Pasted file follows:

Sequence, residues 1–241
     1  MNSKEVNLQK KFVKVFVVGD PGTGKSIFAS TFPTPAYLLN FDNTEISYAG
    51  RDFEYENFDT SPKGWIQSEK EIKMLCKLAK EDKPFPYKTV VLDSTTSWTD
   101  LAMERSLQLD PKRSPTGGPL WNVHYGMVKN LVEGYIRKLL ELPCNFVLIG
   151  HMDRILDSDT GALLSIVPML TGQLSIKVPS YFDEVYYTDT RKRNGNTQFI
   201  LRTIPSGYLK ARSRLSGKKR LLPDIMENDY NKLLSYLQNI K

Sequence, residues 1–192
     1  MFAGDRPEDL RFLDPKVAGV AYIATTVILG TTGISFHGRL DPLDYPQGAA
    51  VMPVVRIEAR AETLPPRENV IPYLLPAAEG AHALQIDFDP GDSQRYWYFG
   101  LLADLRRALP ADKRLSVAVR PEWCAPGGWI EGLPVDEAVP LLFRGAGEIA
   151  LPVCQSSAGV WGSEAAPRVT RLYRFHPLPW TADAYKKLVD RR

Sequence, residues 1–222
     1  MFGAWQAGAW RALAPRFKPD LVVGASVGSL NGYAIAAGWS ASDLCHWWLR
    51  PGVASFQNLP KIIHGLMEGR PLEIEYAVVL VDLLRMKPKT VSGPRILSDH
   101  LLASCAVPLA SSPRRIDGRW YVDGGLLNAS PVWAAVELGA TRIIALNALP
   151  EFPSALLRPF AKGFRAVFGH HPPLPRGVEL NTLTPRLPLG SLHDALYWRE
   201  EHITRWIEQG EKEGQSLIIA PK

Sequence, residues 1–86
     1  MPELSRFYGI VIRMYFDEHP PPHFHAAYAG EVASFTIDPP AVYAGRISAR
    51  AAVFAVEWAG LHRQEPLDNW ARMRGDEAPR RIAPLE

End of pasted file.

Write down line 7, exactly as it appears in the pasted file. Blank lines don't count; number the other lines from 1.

Sequence, residues 1–192